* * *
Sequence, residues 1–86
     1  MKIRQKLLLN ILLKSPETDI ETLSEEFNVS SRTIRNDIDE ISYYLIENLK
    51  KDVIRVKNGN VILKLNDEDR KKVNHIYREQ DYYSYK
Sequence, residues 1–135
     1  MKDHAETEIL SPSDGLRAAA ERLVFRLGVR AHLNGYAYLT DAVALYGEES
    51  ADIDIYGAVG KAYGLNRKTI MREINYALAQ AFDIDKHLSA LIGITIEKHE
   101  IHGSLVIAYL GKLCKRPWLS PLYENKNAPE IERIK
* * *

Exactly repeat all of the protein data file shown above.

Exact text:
Sequence, residues 1–86
     1  MKIRQKLLLN ILLKSPETDI ETLSEEFNVS SRTIRNDIDE ISYYLIENLK
    51  KDVIRVKNGN VILKLNDEDR KKVNHIYREQ DYYSYK
Sequence, residues 1–135
     1  MKDHAETEIL SPSDGLRAAA ERLVFRLGVR AHLNGYAYLT DAVALYGEES
    51  ADIDIYGAVG KAYGLNRKTI MREINYALAQ AFDIDKHLSA LIGITIEKHE
   101  IHGSLVIAYL GKLCKRPWLS PLYENKNAPE IERIK